- Entertainment Weekly
The movie is a sarcastic and carefully detailed picture of a world Mr. Brooks finds fascinating and also a little scary.
Vincent Canby - New York Times
Brooks' observations are as keen as Woody Allen's but without the neurotic narcissism.
Desson Thomson - Washington Post
The film is so ingratiatingly high-spirited, and the performances so full of sass and vigor, that in the long run it doesn't really matter much.
Hal Hinson - Washington Post
Broadcast News has a lot of interesting things to say about television. But the thing it does best is look into a certain kind of personality and a certain kind of relationship.
Roger Ebert - Chicago Sun-Times
One of the best entertainments of 1987.
Jonathan Rosenbaum - Chicago Reader
Variety Staff - Variety
All the performers are tops.
Richard Corliss - TIME Magazine
(The) endlessly quotable writing... keeps the film fresh as Tom, Aaron and Jane carom off each other at ever-more oblique angles.
Christopher Long - DVDTown.com
Christopher Long - Movie Metropolis
The human element is just as prescient as it was then, while the characters' romantic/professional entanglements now have the added poignancy of the past tense.
James Kendrick - Q Network Film Desk
By looking at the small-screen picture...[Brooks] provocatively suggests that America's socio-political problems are pretty much the same as the personal problems of its citizens. [Blu-ray]
Peter Canavese - Groucho Reviews
People often behave foolishly in matters of love and just about everything else. That can lead to heartache and tragedy, but that same foolishness can also be very funny to watch, as it is here.
Robert Roten - Laramie Movie Scope
The outstanding set pieces give the viewer an idea of the job pressures, its perks, pitfalls and how the news is in the long run compromised.
Dennis Schwartz - Ozus' World Movie Reviews
Hunter and Brooks are hugely appealing as news professionals trying to stay afloat in the corporate cauldron.
In a film tracing the endless battles between style and substance, Brooks delivers both in abundance.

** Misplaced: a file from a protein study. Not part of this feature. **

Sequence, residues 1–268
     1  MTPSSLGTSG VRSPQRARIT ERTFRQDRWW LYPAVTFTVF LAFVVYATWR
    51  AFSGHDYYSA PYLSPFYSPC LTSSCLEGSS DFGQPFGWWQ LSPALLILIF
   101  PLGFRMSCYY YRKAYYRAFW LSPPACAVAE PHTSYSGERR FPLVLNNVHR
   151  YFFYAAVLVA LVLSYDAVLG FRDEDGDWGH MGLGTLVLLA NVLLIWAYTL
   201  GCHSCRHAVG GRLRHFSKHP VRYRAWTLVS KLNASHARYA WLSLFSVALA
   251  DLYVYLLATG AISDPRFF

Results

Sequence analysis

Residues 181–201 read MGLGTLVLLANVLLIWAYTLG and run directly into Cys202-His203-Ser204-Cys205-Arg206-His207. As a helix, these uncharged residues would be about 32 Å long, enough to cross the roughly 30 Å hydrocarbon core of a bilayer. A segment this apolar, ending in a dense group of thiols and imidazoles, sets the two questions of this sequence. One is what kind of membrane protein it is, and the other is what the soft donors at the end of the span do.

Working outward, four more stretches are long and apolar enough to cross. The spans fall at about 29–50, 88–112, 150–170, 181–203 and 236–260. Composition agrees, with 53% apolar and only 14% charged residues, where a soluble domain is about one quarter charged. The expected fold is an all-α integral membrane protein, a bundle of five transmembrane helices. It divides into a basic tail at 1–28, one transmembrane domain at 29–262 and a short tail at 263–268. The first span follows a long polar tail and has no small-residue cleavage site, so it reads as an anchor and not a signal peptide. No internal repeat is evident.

- Empire Magazine
Worthy adult entertainment.
- TV Guide's Movie Guide
Cole Smithey - ColeSmithey.com
Though lacking visual style, this is a poignantly written film about the changing professional mores of TV news in the electronic age, well-acted by the three leads, Holly Hunter, William Hurt, and Albert Brooks.
Emanuel Levy - EmanuelLevy.Com
Smart, biting media humor is a bit dated, but well worthwhile viewing.
Steve Crum - Video-Reviewmaster.com
Jake Euker - F5 (Wichita, KS)
Underpinning what is a charming, protean love-triangle is a serious statement about the function, value, and direction of television news.
Stephen Garrett - Time Out
Rob Blackwelder - SPLICEDWire
I could gush over this movie for hours, just delightful
Clint Morris - Moviehole
Jules Brenner - Cinema Signals
Andy Klein - Los Angeles CityBeat
Rebecca Murray - About.com
The best movie about the television business
Sarah Chauncey - Reel.com
It's absurd but often funny, usually when it's dissecting the TV trade.
Christopher Null - Filmcritic.com
A good love story and nice behind-the-scenes look at the news.
Alex Sandell - Juicy Cerebellum
Carol Cling - Las Vegas Review-Journal
Brooks' screenplay still seems alarmingly timely in its portrait of the blurring of the lines between what is news and what is entertainment. The movie's quietly devastating climax beautifully illustrates the collapse of ethics in TV journalism.
James Sanford - Kalamazoo Gazette
Fresh and funny film that offers a glimpse of how three members of the Baby Boom generation are handling the challenges of love and work.
Frederic and Mary Ann Brussat - Spirituality and Practice
Shannon J. Harvey - Sunday Times (Australia)
A modern classic; Brooks dialogue rings true; great performances by Hurt, Hunter and especially Albert Brooks make this a movie one can watch over and over again.
Bob Bloom - Journal and Courier (Lafayette, IN)
Linda Cook - Quad City Times (Davenport, IA)
Jeffrey Westhoff - Northwest Herald (Crystal Lake, IL)
An important comedy, a funny drama and a razor-sharp portrait of American culture then and now.
James Rocchi - Netflix
Occasionally aims for obvious targets, but is kept afloat by Brooks' observant humor.
Chuck Rudolph - Matinee Magazine
Philip Martin - Arkansas Democrat-Gazette
Full of characters you'll want to hug and dialogue you'll want to memorize.
Scott Weinberg - eFilmCritic.com
An enjoyable, if lightweight, viewing experience.
Brian Webster - Apollo Guide
Characters like these could have carried a film twice as long.
Mark R. Leeper - rec.arts.movies.reviews